The myth that ODBMSs have a steep learning curve is easily dispelled. Using an ODBMS primarily involves knowing an object programming language. For examples, see transparent persistence.
If you know Java or C++, there is very little additional syntax that you need to learn in order to use an ODBMS. There are additional database commands for opening and closing databases along with starting and committing transactions. But that is about all -- hardly a steep learning curve. If you do not know Java or C++, there is learning involved. That learning, however, involves mastering the programming language and not the ODBMS.
If you have never used an RDBMS or an ODBMS, you will need to understand basic concepts about transactions and units of work. This learning will be needed regardless of whether you are using and ODBMS or an RDBMS. See the DBMS ACID Properties.
One could argue that the learning curve is much higher for SQL-based interfaces (SQL-92, JDBC, SQLJ, SQL:1999) than for transparent persistence interfaces (ODMG 3.0 and JDO). This could be based simply on the length of the texts needed to explain each interface.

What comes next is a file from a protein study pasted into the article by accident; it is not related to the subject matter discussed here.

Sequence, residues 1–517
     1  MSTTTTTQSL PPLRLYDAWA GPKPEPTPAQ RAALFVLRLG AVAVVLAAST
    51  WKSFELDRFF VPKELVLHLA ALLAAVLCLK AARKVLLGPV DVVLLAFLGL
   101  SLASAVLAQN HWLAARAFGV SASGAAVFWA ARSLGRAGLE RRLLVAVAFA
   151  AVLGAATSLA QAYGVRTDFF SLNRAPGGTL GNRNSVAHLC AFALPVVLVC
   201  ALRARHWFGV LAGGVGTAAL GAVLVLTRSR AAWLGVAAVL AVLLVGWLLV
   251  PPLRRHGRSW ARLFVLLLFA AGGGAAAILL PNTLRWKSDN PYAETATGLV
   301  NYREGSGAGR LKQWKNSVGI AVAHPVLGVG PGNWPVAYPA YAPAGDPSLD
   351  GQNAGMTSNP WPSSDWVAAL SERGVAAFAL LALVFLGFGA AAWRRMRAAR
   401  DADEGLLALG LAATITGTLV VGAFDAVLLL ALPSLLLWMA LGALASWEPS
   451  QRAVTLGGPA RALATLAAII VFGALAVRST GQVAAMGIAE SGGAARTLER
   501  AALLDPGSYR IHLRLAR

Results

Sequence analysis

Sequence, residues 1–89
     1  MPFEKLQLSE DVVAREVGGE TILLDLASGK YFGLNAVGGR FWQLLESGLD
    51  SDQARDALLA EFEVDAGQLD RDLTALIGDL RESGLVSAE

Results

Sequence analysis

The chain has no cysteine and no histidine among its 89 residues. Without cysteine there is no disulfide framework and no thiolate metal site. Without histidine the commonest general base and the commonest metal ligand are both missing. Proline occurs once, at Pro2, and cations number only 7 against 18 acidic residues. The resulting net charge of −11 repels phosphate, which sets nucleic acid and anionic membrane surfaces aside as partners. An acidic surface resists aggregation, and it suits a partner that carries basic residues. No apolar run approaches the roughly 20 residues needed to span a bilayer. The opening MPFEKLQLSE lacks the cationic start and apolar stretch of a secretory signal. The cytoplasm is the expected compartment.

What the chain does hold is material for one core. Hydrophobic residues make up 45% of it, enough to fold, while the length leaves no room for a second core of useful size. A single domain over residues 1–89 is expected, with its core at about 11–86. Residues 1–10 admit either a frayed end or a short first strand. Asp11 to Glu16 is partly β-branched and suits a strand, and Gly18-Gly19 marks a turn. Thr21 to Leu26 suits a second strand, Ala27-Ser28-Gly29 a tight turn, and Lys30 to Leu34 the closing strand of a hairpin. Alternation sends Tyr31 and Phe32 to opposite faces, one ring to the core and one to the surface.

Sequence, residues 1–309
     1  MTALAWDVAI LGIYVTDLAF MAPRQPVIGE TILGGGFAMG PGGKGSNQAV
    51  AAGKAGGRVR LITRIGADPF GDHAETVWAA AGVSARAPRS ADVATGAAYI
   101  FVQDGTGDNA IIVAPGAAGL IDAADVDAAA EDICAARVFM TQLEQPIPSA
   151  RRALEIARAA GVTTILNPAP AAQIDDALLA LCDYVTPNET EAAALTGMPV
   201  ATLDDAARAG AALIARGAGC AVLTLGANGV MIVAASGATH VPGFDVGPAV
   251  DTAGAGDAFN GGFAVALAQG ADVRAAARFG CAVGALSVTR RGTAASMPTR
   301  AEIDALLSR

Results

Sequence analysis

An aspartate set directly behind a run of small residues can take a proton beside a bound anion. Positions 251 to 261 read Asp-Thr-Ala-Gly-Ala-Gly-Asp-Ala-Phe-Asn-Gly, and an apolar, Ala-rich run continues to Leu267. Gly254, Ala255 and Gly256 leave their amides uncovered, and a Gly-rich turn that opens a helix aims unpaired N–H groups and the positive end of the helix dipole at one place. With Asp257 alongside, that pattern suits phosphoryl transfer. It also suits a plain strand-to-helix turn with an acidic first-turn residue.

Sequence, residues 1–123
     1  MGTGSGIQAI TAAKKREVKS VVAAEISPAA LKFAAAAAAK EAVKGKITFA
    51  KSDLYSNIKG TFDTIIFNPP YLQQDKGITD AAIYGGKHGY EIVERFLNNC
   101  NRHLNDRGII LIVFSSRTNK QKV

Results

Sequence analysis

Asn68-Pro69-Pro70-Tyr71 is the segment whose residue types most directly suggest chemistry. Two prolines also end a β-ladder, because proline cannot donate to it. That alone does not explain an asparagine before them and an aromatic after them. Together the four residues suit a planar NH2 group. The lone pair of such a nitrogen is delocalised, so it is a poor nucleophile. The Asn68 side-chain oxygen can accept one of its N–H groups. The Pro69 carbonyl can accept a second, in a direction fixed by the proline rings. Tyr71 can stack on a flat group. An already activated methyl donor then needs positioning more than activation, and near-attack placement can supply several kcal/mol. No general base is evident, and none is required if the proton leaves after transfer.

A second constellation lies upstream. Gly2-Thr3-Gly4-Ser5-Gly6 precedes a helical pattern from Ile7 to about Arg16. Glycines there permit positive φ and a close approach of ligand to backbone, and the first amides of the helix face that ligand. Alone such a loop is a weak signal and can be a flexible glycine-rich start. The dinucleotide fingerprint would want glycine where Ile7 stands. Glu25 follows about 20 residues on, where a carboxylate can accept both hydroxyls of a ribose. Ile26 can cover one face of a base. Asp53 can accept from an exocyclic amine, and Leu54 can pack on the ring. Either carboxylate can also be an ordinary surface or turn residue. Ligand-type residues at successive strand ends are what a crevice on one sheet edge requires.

More on the general topic: ODBMS Myths
Related Fact Book and Implementation Stories
Author: Douglas K Barry
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The Savvy Manager's Guide
Douglas K Barry is also the author of a book that explains Web Services, service-oriented architecture, and Cloud Computing in an easy-to-understand, non-technical manner.
Web Services, Service-Oriented Architectures, and Cloud Computing: The Savvy Manager's Guide (Second Edition)
by Douglas K Barry with David Dick
This is a guide for the savvy manager who wants to capitalize on the wave of change that is occurring with Web Services, service-oriented architecture, and—more recently—Cloud Computing. The changes wrought by these technologies will require both a basic grasp of the technologies and an effective way to deal with how these changes will affect the people who build and use the systems in our organizations. This book covers both issues. Managers at all levels of all organizations must be aware of both the changes that we are now seeing and ways to deal with issues created by those changes.